Keck Graduate Institute receives $5 million to start new medical school, searches for founding dean

A Keck Graduate Institute building with a sigh in from of it displaying the KGI name and logo.
Keck Graduate Institute is starting to plan its new medical school, and is recruiting candidates for the founding dean position. (Courtesy: Keck Graduate Institute)

With $5 million in funding already secured, Keck Graduate Institute is starting to plan its new medical school “to meet the increasing demand for primary care physicians in Southern California,” according to a press release.

Of the 7,176 noted areas in the U.S. with a shortage of primary-care physicians, nine percent are located in California, according to an informational report on KGI’s new school.

KGI’s upcoming medical school aims to address this issue.

“We are excited and eager to bring world-class medical training to future physicians and are especially grateful for this donor’s vision and support of what will ultimately mean better health services and improved access to care for our community and many others,” KGI President Sheldon Schuster said in the press release.

A preliminary proposal for the med school was approved by the KGI Board of Trustees in May 2018, following a grant from an anonymous donor to cover recruitment and hiring of the new dean, according to KGI’s website.

KGI has begun recruiting candidates for its founding dean position, Schuster said via email.

Plans for the new facilities and completion date have not been announced yet, as they depend on the dean’s hire and the school’s accreditation, according to Schuster.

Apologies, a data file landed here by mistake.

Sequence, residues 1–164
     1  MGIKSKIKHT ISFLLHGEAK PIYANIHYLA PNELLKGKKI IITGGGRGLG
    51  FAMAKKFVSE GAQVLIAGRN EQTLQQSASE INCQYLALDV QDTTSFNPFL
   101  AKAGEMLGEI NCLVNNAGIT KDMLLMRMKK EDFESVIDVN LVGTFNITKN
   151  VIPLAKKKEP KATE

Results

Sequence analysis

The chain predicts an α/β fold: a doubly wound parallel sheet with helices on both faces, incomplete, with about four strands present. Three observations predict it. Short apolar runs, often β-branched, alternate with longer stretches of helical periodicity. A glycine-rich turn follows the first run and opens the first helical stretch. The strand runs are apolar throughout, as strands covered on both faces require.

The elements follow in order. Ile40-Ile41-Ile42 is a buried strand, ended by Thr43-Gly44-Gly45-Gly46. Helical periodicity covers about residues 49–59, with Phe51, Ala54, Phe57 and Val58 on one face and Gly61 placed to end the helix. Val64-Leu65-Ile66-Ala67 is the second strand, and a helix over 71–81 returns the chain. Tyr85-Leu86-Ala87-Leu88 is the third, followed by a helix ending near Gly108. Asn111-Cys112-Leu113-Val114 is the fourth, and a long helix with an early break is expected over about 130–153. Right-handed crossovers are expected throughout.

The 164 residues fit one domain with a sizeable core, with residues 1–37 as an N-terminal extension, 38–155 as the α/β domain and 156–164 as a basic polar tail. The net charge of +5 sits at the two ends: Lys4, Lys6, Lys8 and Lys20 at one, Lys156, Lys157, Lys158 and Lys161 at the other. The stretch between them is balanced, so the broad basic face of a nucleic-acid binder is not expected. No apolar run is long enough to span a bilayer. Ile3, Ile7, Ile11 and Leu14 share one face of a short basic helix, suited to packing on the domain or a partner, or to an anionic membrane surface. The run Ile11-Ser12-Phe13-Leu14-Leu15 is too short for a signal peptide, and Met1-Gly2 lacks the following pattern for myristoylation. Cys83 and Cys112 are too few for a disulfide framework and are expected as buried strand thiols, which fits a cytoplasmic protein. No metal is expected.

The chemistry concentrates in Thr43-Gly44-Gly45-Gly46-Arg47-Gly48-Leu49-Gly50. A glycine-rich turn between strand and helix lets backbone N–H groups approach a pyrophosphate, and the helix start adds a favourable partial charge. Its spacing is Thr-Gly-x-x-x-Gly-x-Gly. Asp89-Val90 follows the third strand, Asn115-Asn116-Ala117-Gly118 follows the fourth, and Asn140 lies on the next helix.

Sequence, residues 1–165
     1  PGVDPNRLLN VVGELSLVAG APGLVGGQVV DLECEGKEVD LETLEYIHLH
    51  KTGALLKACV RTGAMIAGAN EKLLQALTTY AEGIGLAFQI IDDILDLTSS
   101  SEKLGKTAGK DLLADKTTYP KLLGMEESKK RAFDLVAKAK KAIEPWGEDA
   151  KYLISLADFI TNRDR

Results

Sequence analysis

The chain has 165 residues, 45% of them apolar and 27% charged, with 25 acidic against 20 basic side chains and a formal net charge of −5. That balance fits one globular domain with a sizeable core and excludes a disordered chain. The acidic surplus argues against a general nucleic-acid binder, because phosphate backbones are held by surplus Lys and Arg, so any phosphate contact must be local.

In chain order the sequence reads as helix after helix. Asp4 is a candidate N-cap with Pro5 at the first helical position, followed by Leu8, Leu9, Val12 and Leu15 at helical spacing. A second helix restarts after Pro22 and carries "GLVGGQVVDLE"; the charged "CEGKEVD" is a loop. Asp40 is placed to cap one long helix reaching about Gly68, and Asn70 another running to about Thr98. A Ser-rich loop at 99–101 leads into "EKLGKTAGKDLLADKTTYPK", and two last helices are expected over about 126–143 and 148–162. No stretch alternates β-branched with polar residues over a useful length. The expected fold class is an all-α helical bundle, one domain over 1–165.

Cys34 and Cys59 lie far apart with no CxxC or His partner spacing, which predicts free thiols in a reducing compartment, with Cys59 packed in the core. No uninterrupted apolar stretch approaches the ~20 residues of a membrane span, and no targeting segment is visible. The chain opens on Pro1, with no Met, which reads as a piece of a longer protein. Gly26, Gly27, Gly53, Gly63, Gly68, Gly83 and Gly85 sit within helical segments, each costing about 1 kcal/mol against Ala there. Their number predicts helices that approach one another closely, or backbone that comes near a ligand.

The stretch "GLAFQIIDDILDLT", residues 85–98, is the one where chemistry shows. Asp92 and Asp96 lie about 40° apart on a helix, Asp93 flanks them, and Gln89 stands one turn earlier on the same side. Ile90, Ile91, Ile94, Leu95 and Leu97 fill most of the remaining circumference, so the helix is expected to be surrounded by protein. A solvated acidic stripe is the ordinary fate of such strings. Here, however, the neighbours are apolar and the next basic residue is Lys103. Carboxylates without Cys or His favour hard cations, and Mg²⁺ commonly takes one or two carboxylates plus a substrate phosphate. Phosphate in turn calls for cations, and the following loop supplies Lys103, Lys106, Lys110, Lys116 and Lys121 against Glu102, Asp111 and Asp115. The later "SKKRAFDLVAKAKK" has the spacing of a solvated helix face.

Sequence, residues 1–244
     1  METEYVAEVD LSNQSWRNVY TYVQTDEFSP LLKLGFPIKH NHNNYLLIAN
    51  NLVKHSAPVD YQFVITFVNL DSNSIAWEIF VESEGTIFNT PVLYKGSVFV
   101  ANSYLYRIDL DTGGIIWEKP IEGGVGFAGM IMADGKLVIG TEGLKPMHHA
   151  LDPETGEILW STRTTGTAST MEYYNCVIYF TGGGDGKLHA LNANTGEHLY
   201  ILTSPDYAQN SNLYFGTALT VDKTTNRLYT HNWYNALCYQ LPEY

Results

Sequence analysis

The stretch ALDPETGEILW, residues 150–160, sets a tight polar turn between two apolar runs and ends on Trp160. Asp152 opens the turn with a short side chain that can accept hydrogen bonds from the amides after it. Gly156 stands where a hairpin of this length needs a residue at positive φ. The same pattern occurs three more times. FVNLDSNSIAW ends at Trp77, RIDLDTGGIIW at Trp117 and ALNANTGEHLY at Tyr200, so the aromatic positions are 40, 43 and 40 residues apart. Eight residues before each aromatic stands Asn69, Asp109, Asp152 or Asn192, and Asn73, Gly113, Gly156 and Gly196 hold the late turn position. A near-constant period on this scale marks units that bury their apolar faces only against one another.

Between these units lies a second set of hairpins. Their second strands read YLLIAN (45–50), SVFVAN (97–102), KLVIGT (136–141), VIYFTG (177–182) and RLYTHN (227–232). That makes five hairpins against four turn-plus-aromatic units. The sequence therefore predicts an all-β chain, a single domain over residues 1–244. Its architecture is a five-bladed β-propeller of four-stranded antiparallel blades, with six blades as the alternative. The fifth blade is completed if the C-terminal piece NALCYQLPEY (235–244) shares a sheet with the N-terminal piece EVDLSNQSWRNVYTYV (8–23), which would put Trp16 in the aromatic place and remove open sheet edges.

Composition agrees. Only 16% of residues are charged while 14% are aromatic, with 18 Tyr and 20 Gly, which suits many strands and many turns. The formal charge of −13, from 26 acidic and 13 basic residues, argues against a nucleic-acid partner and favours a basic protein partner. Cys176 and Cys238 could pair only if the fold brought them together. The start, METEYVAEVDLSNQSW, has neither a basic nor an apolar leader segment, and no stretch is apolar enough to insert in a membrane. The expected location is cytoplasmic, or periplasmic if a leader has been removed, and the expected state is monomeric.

When hired, the dean will work with chief development officer Molly Chestnut “to begin a philanthropic outreach campaign to further fund the faculty development and facilities required to meet the accreditation standards,” Schuster said via email.

That campaign will be the first of three fundraising phases aiming to raise more than $50 million for the new school, according to a publication on the med school’s website.

Currently, KGI offers a Postbaccalaureate Premedical Certificate program for students planning to attend medical school, according to its website.

Joanna Manansala KG ’19, a pre-medical student, said the development of a medical school demonstrates the graduate school’s “dedication to health sciences and medicine, especially in California, where there is a high shortage of doctors, and especially near the Inland Empire, where that shortage is very pronounced.”

Manansala said many current and prospective students are already interested in the medical school.

“It’s already a big deal,” she said. “It will bring a lot of educational esteem to KGI and the Claremont Colleges.”

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